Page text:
Northeast states are increasingly looking to Canada to meet a growing demand for low cost hydro electricity from renewable sources. But the energy imports are stirring controversy. In northern New Hampshire, local activists are fighting a power line that would send the electricity south. And questions are being raised about whether big hydro is really green.
As part of a collaboration of Northeast stations John Dillon of Vermont Public Radio reports:
In Colebrook, New Hampshire, John Harrigan navigates his pick up down a quiet road. Snow-covered trees drape low over the narrow lane creating a kind of white tunnel.
Harrigan is a retired newspaper publisher who now writes columns for several New Hampshire papers. He pulls the truck over and points north to Canada.
“See that square field way up there? On the far ridge? As I understand it, the power line would come just to the left of that.”
Harrigan is part of a coalition of environmentalists, local businesses and outdoors enthusiasts that’s fighting a proposed 1,200 megawatt power line designed to carry electricity from Quebec to primarily southern New England.
“What’s being threatened is the only thing we really have left, which is tourism. All for the convenience of people far to the south. And we’re going to wind up with this huge scar right down through the narrowest and most fragile part of New Hampshire.”
But utilities in many Northeast states face mandates to include a certain percentage of renewable energy in their portfolios. And they see Hydro-Quebec as helping fill that need. Kenneth Bowes is a vice president with Connecticut Light and Power, which is owned by Northeast Utilities.
“We think it is essential for meeting the Renewable Portfolio standards for New England and we think it is a direct benefit to customers for cost and also a huge impact on carbon emissions and the environment.”
But in northern Quebec, Roger Orr has a different view. Orr’s home, about 500 miles north of Montreal, is a sparsely populated land of big rivers and spruce forests. The water flows to James Bay. And Hydro-Quebec has become the continent’s largest producer of electricity by taming the rivers with huge dams. Orr, a member of the Cree nation, lives near one of them on the Rupert River.
"After they dammed it, after they closed the gates, the water went down dramatically. It was from a pristine river down to a river that hardly even trickled any more."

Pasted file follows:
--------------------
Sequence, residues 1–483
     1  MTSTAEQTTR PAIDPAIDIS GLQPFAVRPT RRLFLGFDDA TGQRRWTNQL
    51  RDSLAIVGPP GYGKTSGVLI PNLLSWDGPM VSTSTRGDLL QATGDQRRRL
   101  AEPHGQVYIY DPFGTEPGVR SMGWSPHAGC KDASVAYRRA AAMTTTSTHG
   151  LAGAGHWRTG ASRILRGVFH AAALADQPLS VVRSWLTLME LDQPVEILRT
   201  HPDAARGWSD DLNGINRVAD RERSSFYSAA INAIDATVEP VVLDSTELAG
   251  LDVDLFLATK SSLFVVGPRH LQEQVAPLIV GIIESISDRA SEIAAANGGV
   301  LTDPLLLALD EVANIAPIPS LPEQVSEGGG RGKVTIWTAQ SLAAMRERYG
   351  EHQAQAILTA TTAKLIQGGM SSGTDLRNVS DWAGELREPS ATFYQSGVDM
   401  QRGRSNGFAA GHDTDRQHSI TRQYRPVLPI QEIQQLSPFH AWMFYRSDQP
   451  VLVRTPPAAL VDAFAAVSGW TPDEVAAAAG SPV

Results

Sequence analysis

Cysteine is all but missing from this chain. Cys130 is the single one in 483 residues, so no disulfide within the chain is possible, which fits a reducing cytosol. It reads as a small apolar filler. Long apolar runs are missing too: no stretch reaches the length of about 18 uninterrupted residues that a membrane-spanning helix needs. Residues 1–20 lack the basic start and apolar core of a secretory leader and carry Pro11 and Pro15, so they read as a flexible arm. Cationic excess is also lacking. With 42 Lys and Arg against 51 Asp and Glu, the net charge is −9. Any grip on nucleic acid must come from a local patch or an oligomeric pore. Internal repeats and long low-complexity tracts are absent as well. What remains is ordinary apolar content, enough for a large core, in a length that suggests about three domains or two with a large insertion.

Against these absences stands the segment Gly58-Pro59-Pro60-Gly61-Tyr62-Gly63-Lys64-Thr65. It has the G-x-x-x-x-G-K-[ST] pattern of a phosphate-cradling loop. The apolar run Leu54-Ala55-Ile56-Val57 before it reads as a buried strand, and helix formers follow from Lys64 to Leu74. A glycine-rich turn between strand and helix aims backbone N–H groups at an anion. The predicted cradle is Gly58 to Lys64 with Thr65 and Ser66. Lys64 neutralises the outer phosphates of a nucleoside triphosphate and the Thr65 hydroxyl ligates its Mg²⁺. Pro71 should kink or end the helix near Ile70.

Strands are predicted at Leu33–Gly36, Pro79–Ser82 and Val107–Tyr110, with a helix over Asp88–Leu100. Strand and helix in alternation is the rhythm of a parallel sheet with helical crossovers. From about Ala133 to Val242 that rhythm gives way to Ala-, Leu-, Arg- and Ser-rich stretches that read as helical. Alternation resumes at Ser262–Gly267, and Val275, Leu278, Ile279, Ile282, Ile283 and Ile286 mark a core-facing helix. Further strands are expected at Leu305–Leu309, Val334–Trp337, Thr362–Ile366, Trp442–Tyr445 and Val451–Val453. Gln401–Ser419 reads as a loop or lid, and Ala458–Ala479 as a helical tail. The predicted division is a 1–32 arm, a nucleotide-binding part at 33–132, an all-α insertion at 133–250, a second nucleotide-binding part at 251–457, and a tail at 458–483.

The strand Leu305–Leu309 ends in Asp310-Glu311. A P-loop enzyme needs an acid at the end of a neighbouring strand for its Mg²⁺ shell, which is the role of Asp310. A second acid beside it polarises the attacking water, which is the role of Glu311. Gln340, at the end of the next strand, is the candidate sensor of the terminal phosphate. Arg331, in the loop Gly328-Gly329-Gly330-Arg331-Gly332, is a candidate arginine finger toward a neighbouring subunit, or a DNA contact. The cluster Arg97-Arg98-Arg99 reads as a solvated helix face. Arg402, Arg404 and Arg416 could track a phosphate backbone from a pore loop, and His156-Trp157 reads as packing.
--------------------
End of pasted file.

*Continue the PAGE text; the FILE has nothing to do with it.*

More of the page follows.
Orr doesn’t think Hydro-Quebec electricity should be labeled as renewable when it’s sold in the United States.
"If I was to go and build a dam in New York State, oh man, they would see first hand what it is, that they're saying it's renewable and green energy? No, no, the environment is suffering."
In the world of utility regulation, the word “renewable” has a legal meaning. If a project is deemed renewable, it helps utilities meet those requirements that a certain percentage of their portfolios come from greener sources, such as wind or solar.
Vermont has already designated electricity from Hydro-Quebec as renewable. The government-owned utility Quebec hopes other Northeast states follow suit. Here’s Quebec premier Jean Charest at a news conference last summer announcing a new power deal with Vermont.
"The state of Vermont is the first state in North America to not discriminate against large-scale hydro. And that will help us inspire other legislatures and hopefully the federal government of the Untied States to do the same."
But environmental groups are concerned that imports from Hydro-Quebec could stifle attempts to develop renewable energy closer to home and that wind and other local projects won’t get built.
The utilities argue imports from Canada will significantly reduce the region’s greenhouse gas emissions. Martin Murray of Northeast Utilities is a spokesman for the Quebec-New Hampshire power line project.
“We have some pretty lofty goals in terms of lowering future emissions of carbon.”
And the federal government has also announced it will regulate greenhouse gas pollution. Concerns over climate change may have the upper hand in the environmental debate over Hydro-Quebec.
For WNPR, I’m John Dillon.